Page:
Do economically vulnerable voters care more than the average voter about politics and elections—or less? Weatherhead Scholars Program Fellow Adrien Abecassis, former political advisor to French President François Hollande, offers three explanations.

Image of voter registration sign in doorway

One of the key questions in the current debate on the causes of the rise of populism is whether the economic harshness and distrust in traditional political parties increase or decrease election turnout.

This question was debated in a recent roundtable discussion, organized by the Weatherhead Research Cluster on Global Populism, on the economic and cultural causes of populism’s prevalence. Would voters struck by economic shocks—those whose futures seemed to be vulnerable, and who have lost their sense of security about their own lives and that of their children’s—tend to vote to prevent this from happening? Or would their suffering cause them to retreat and withdraw from political elections?

And indeed, the answer is not obvious: Luigi Guiso et al. found that economic security shocks significantly increased the likelihood of abstention, while David Autor et al. showed that economic shocks due to foreign trade competition raised—not lowered—voter turnout.

Without seeking to settle the debate, I would like to offer some hypotheses based on my experience as a political advisor to French President François Hollande. Of course, this question was one of importance for us: What would the most insecure French voters do in elections? Would they turn out or not? If they did, would they vote for the National Front Party? From what I observed, there is no single answer, and many dynamics are at play. But we can make some conjectures.... Read more about Turnout and Voter Insecurity in the French Elections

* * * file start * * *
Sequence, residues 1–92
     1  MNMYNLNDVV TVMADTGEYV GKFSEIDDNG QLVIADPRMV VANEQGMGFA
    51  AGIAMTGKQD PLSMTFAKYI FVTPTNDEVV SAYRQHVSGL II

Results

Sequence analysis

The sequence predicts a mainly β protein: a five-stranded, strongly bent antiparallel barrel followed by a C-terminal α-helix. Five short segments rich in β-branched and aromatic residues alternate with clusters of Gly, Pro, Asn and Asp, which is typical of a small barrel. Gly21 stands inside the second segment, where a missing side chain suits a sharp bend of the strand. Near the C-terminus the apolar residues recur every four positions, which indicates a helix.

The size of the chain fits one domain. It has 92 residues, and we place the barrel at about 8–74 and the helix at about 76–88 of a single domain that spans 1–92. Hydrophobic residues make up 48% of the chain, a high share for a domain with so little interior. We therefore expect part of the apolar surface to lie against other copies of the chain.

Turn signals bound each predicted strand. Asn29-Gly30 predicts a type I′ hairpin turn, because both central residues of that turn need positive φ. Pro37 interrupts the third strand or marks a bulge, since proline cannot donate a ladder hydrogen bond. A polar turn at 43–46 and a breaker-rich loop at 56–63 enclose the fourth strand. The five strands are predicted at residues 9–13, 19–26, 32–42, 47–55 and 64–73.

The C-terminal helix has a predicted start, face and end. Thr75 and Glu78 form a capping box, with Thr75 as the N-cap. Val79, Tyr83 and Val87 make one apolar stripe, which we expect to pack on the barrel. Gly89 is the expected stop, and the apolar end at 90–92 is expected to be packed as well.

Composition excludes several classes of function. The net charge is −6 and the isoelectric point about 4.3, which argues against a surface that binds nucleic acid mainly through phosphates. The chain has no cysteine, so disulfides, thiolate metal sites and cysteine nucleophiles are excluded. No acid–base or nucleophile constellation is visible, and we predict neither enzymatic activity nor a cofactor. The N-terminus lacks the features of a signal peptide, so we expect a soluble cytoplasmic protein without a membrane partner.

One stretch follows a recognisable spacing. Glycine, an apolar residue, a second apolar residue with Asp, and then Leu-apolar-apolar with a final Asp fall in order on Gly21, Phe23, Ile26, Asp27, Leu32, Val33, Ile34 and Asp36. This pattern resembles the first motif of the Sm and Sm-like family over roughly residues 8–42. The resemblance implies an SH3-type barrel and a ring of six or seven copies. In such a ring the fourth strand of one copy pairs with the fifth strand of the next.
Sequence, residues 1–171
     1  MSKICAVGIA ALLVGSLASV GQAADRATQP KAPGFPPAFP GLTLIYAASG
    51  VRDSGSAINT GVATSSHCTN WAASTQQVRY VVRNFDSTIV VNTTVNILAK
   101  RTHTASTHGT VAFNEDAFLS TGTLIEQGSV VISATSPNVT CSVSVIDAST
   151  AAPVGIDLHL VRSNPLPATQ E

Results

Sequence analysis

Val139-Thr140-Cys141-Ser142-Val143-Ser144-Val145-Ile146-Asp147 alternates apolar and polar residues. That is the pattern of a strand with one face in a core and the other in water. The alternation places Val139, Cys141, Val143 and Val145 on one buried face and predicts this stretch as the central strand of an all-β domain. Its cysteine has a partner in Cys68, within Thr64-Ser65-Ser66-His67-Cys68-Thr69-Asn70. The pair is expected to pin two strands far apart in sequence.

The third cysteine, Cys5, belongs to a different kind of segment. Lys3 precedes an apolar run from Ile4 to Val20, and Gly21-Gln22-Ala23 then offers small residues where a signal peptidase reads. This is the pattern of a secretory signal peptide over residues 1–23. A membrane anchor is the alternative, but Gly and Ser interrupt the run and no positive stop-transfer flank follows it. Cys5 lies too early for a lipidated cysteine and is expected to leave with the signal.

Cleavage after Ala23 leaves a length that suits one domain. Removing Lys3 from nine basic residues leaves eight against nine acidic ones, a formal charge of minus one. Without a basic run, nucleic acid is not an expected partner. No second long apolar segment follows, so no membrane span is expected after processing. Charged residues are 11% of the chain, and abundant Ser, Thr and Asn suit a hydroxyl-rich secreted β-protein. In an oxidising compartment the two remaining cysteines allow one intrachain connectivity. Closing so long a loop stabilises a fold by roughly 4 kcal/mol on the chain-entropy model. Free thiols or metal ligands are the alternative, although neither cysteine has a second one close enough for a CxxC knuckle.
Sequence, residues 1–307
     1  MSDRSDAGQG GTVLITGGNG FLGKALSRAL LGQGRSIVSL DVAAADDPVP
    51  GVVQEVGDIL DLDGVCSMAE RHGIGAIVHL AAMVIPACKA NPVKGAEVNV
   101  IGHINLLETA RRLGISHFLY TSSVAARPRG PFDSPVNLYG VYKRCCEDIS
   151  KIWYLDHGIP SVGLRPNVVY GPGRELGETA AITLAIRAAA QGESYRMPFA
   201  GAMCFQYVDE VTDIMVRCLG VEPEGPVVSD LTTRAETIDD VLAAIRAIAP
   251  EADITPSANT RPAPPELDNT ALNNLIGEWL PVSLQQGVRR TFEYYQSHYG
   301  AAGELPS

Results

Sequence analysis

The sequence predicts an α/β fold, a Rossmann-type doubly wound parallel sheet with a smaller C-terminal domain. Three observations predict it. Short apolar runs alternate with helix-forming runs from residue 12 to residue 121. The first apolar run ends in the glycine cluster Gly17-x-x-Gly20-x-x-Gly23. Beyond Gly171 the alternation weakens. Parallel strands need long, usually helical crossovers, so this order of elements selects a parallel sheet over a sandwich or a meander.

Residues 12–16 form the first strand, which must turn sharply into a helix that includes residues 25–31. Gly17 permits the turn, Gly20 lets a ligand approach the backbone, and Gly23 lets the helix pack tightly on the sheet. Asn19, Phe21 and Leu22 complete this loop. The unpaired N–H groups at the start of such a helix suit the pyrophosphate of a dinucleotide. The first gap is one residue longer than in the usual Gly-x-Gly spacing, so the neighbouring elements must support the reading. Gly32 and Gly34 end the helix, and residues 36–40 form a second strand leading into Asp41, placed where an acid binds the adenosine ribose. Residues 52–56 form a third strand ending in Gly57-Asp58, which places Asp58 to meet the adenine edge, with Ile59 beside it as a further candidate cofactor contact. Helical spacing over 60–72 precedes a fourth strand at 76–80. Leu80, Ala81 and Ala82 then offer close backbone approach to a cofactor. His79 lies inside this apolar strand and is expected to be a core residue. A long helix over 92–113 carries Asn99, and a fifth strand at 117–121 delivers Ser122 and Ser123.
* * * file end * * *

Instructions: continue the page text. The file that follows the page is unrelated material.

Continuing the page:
A Life in the Margins: Understanding the Roma Experience

In recognition of International Roma Day, Weatherhead Faculty Associates Jacqueline Bhabha and Jennifer Leaning, and their colleague, Roma Program Director Margareta Matache, discuss the annual conference and their team’s research on a disenfranchised people.

Image of Roma painting

In one of the popular Madeline children’s stories, the well-known redheaded French schoolgirl runs away with her friend Pepito to join a caravan of Gypsies who train them to perform in their traveling circus. At first they are thrilled not to have to go to school or brush their teeth. But when they become homesick, the Gypsy mother sews them into a lion costume, effectively kidnapping them.

Of course it ends well, with a rescued Madeline exchanging farewells with the affectionate Gypsy mother and children and returning to boarding school.

Is this a harmless children’s adventure story or does it perpetuate an enduring stereotype of criminality and indifference among a little-understood ethnic group? The educational crisis of Romani children (pejoratively referenced as “Gypsies”) is just one of many research topics spearheaded by a faculty team from the François-Xavier Bagnoud (FXB) Center on Health and Human Rights at Harvard.

... Read more about A Life in the Margins: Understanding the Roma Experience

From Rome to Rwanda: The Centuries-Long Effort to Define Civil War

A new book by Harvard historian David Armitage unearths two millennia of thinking about a most ignoble type of war.

Image of Romulus and Remus on a coin

If you live in a developed country, you are among those enjoying the “Long Peace,” a period marked by the absence of large scale interstate war since the end of 1945. It is the longest period of such calm in modern history. During this same time period, however, the world’s pockets of conflict have moved away from the frontiers and turned, instead, inward.